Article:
You don’t have to agree with me, though, to understand that Edwards’s implication—that enabling formerly incarcerated people to become firefighters would be tantamount to letting predators into their future victims’ homes—is the same slippery-slope argument that is always used against reformers: a nightmare scenario presented as incontrovertible proof that change, no matter how incremental, is not worth the risk. The harm that the status quo inflicts on people who already face discrimination in employment, and who have already demonstrated their willingness to put their bodies on the line to keep Californians safe, goes conspicuously unmentioned in this calculus.
The demand for firefighters in California makes the profession a lucrative one, with an average base salary of about $91,000. A report published last year by the Los Angeles city controller’s office found that some city firefighters collected more than $200,000 in overtime; one earned $360,000 above their base salary. Statewide, overtime pay pushes average total compensation to nearly $150,000, according to the Bee. The tradition of relying heavily on low-wage incarcerated firefighters buttresses this system, allowing the state to meet its firefighting needs while continuing to pay non-incarcerated firefighters handsomely for their work.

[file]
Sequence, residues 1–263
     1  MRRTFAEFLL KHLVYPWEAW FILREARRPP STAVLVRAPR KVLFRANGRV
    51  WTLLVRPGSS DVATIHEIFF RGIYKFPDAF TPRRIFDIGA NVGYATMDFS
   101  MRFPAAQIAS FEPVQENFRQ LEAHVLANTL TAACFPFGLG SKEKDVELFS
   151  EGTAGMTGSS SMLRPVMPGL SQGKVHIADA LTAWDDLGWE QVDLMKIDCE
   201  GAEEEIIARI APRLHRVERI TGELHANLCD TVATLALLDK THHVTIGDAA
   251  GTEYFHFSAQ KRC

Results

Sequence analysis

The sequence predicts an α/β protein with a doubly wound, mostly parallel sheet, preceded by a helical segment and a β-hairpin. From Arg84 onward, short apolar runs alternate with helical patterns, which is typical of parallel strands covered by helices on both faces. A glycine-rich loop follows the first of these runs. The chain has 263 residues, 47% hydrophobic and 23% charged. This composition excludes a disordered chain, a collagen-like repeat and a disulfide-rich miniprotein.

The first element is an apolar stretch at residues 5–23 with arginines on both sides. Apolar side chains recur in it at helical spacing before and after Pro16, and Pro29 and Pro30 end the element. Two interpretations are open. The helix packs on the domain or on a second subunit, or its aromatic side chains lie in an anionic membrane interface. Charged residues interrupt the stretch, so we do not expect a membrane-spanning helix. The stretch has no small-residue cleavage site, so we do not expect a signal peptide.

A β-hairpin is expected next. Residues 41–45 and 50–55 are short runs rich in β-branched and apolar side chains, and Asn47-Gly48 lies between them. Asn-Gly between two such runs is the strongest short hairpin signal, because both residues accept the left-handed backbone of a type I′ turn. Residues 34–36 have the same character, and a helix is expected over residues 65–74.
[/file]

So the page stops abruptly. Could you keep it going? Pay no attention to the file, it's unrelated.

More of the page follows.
Events of the last several years, however, have exposed the fragility of an emergency-response infrastructure that requires a deep pool of prison labor to function. Long-overdue sentencing reforms, a series of COVID-19-related quarantines and releases, and court-mandated overcrowding mitigation have gradually thinned the ranks of incarcerated people available to fight wildfires. Last month, NPR reported that of the state’s 192 prison fire crews, 113 were staffed, and only 102 had been deployed.
A pandemic-induced budget crunch, meanwhile, prompted Newsom to alter plans for the state to hire around 500 new permanent firefighters, dropping the figure to just 172. To compensate for this shortfall, his administration is hiring around 850 seasonal firefighters, and state corrections officials are relaxing eligibility restrictions for existing prison fire crews, allowing some people to serve whose records previously ruled them out.
Perhaps unsurprisingly, union leaders approve of only one aspect of this response. While they have lobbied for more hiring to relieve exhausted firefighters, Edwards has also called on the governor to scale back the use of incarcerated workers, claiming that altered eligibility criteria could create a “big safety concern.” Arguing against similar reforms last year, Wills asserted that firefighter shortages are the product of a limited number of jobs, not of qualified applicants.
“Hundreds of men and women” are “doing everything they need to do to become firefighters,” he told the Chronicle. “There’s no shortage of firefighter candidates.”
It may be true that there are enough people who want to become firefighters that California doesn’t need to make formerly incarcerated people eligible. But that is an entirely separate question from whether the state should do so. Right now, the rules artificially constrain the caliber of applicants, squeezing people with valuable experience out of the market. Frankly, this is just as harmful for a burning state that badly needs skilled firefighters as it is for skilled firefighters looking for work. By deploying sensationalist scare tactics in an effort to preserve this arrangement, anti-reform voices are quietly making California less safe.
Jay Willis is a senior contributor at The Appeal.